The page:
Yemeni architecture

Dar al-Hajar near Sana'a, Yemen.

Architectural background

Defensive architecture in Yemen
by David Warburton, Yemen Update 33 (1993: 20, 21)

In the shadow of a master
by Trevor Marchand. Minaret building techniques. British-Yemeni Society Journal, July 2002

Qudâd: The traditional Yemeni plaster
by Selma al-Radi - Yemen Update 34 (1994: 6-13)

Restoration of the 'Amiriya
Detailed description of a project to restore the 16th century madrasa in Rada (American Institute for Yemeni Studies)

Organisation of World Heritage Cities

Organisation of World Heritage Cities

Mud Brick Architecture of Yemen
By Howard Meadowcroft, The Global Dispatches, 9 January 2013

The Buildings of Yemen
(misfits' architecture website)

The Secret Cities of Yemen
Kuriositas, 7 August 2011

Sana’ani House: Legend of Yemeni Architecture
By Tamjid Alkohali (National Yemen website)

Yemen Finds Dreamland of Architecture
By Robert Worth, New York TImes, 15 November 2009

Traditional solutions for different regions

For further information, see Derek Matthews' commentary on Yemeni traditional architecture (British-Yemeni Society Journal, November 1996)

The upland zone: Hamam Shukr, Sana'a

The coastal lowland zone: the old port at Hodeidah

The Tihama, lowlands and coast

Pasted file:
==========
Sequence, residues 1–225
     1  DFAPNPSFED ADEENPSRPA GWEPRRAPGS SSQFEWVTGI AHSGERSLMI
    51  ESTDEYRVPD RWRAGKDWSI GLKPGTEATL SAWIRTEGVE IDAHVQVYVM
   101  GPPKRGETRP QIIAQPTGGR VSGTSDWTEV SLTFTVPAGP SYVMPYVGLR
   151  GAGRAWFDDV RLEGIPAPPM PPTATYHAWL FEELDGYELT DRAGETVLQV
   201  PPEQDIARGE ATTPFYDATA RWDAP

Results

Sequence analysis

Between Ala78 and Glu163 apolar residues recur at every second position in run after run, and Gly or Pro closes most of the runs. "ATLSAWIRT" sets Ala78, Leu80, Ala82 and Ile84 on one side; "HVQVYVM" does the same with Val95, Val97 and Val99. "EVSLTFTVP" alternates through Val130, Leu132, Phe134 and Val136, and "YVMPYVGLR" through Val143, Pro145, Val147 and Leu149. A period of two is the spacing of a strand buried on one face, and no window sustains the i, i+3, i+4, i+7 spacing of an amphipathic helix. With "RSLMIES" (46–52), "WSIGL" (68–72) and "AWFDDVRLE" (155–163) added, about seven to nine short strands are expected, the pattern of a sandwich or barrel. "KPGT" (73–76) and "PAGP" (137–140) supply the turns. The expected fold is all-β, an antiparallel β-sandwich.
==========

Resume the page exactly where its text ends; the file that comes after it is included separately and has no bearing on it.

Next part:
Old and new: a high-rise family house in the old city, Sana'a, and (below it) modern versions of traditional designs in the new suburbs of Sana'a

Influence of climate on window design

For further information, see Derek Matthews'commentary on Yemeni traditional architecture(British-Yemeni Society Journal, November 1996)

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ABOVE: Windows in the upper floor of a house in Sana'a. There are decorative grilles above, with coloured glass set in gypsum, and below the openings have timber shutters, with glazed windows behind. Gypsum plaster is used externally to give extra protection against the weather to the wall which is of burnt brick set in mud mortar.

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ABOVE: The ornate decorative gypsum screen is flanked by a high ventilation opening known as a shagoos. There is a canopy over the timber shutters below, which have small hinged openings to allow a view or some ventilation when the main shutters are closed. The window is in a wall of burnt brick in the upper floor of a house in Sana'a.

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ABOVE: Jewish design of windows in Ga' al-Oloufi (formerly Ga’ al-Yahudi), in Sana'a. Light is admitted through translucent alabaster panels, and ventilation through the opening fitted with timber shutters. There is a gypsum plaster surround and the windows are set in a wall of zabur.